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Timothy Fox - Head of Research & Chief Economist
Published Date: 24 July 2018
Canada’s wholesale trade sales for May were released yesterday, showing a m-o-m expansion of 1.2%, compared to expectations of 0.7% and just 1.2% growth the previous month. That took the total to a record-breaking CAD63.7bn. Miscellaneous goods which were up 7.8%, building supplies up 7.3% and there was a 25.5% gain in farm products. The motor vehicle and parts subsector posted the largest decline at 2.5%, perhaps an indication that firms are becoming increasingly affected by the ongoing trade spat with the US, and the risk of further tariffs to be imposed on autos imports.
US existing home sales data for June were released yesterday, surprising to the downside. Consensus expectation had been for 5.44mn, which would have represented m-o-m growth of 0.2%, but in actual fact sales declined by 0.6% m-o-m, a third consecutive month of declines. A number of factors are holding back demand, crucial amongst them is the general lack of a supply – the US housing inventory rose y/y in June for the first time in three years. Sellers are being lured back to the market by high prices, but prices are currently too high for many first time buyers, given that they have risen considerably faster than wages. Further, rising borrowing costs will further dampen demand.
A newswire report yesterday suggested that the Bank of Japan (BoJ) is in ‘preliminary’ discussions to change its stimulus program to make it more sustainable. This comes in the lead-up to the central bank's July 30-31 policy meeting, where the BoJ is widely anticipated to downgrade inflation forecasts. Japan's June core CPI lifted to a rate of 0.8% y/y, up from 0.7% y/y in May, but is still far short of the central bank's 2% target. The BoJ’s main measure of inflation, excluding fresh food and energy, fell back to 0.2% from 0.3%. The report cited potential tweaks to the yield-curve control mechanism to allow for a more natural rise in long-term interest rates, and operational changes to the way the BoJ buys government bonds and ETFs with the aim of increasing market liquidity and reducing distortions to price action. The details are still unclear, and the BoJ will be wary of tightening its policy just when inflation projections are being revised lower. However, the central bank faces pressure to alleviate the strain on bank profits stemming from its unprecedented stimulus measures.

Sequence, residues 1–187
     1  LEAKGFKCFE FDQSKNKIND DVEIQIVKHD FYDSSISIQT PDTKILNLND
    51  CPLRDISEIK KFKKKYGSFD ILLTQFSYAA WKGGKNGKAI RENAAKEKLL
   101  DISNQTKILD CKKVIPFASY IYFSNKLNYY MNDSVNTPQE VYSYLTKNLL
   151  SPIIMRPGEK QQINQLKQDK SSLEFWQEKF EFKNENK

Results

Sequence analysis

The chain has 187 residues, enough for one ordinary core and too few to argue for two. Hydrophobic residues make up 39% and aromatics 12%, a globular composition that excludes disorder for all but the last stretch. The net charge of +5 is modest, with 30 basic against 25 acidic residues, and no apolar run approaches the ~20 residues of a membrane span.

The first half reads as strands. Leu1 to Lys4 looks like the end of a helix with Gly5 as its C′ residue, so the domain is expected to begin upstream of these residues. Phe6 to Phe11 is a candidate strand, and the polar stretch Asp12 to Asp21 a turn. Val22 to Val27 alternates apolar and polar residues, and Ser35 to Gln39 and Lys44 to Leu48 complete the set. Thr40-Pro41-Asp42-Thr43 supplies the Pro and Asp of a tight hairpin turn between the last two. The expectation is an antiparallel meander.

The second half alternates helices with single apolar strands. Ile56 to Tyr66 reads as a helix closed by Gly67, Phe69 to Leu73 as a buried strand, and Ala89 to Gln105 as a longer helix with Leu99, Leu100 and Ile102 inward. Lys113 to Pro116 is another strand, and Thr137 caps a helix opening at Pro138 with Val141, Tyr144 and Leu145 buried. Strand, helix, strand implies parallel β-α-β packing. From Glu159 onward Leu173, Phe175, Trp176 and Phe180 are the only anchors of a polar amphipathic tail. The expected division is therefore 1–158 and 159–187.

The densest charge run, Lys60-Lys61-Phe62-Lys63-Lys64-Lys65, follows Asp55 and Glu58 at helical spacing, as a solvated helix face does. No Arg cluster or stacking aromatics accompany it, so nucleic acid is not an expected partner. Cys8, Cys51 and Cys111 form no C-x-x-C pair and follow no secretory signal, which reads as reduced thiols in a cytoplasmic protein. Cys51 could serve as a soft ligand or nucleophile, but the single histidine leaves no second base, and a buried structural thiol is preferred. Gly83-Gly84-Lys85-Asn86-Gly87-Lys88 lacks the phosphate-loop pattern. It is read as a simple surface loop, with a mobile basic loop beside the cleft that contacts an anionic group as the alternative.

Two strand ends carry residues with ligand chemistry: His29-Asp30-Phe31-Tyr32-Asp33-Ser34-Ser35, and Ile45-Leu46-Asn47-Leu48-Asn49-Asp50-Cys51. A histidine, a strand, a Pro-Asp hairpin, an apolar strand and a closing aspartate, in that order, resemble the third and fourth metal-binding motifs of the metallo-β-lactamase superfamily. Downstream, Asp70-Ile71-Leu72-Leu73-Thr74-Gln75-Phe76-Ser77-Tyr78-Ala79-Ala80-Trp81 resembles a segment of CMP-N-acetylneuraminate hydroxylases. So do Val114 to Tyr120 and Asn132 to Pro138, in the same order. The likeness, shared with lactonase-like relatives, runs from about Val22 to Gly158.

Source: Bloomberg, Emirates NBD Research
Treasuries closed lower as the curve continued its steepening from the end of last week. The steepening appears to be driven in part by technicals and sharp moves in the JGB curve. Yields on the 2y UST, 5y UST and 10y UST closed at 2.63% (+3 bps), 2.81% (+5 bps) and 2.95% (+6 bps).
Yields on the 10y Japan Government bond rose to 0.08% from 0.03% amid speculation over a shift in monetary policy by Bank of Japan.
Regional bonds closed lower with the YTW on the Bloomberg Barclays GCC Credit and High Yield index rising +2 bps to 4.48% even as credit spreads tightened 5 bps to 170 bps.
The focus remains on the JPY in the run up to next week’s BOJ meeting at which an adjustment in the central bank’s ultra-easy monetary policy is anticipated. Elsewhere the Bloomberg dollar spot index was a little firmer overall as yields rose slightly ahead of an expected strong Q2 GDP reading and ahead of a possible Fed policy tightening next week. Rumors of a 4.8% advance Q2 GDP print have been circulating following a Fox News tweet citing White House sources and suggesting a near 5% growth rate on Friday.
Cable has resumed its softer tone after recovering a little yesterday. The EU Brexit negotiator Michel Barnier yesterday warned that the UK government’s proposals to exclude services from any trade deal would not be acceptable and have added to recent indications that a ‘hard’ Brexit may be almost unavoidable.
Developed market equities closed mixed as concerns over geopolitics were offset by strong earnings. The S&P 500 index added +0.2% while the Euro Stoxx 600 index declined -0.2%.
Regional equities closed mixed with the DFM index adding +0.4% and the Tadawul losing -0.2%. Saudi Kayan gained +6.3% after the company reported a strong set of Q2 2018 earnings.
Brent crude closed flat overnight, as markets shrugged off sabre-rattling by the Iranian and US presidents, Hassan Rouhani and Donald Trump. Brent futures closed at USD 73.06/b, compared to USD 73.07/b at close on Friday. WTI saw a more meaningful 3.7% decline to USD 67.89/b. The stronger dollar likely contributed to the decline.
November 2018 Monthly Insights
US visit note: Surprisingly upbeat
UAE issues federal debt law
Daily Outlook: US manufacturing disappoints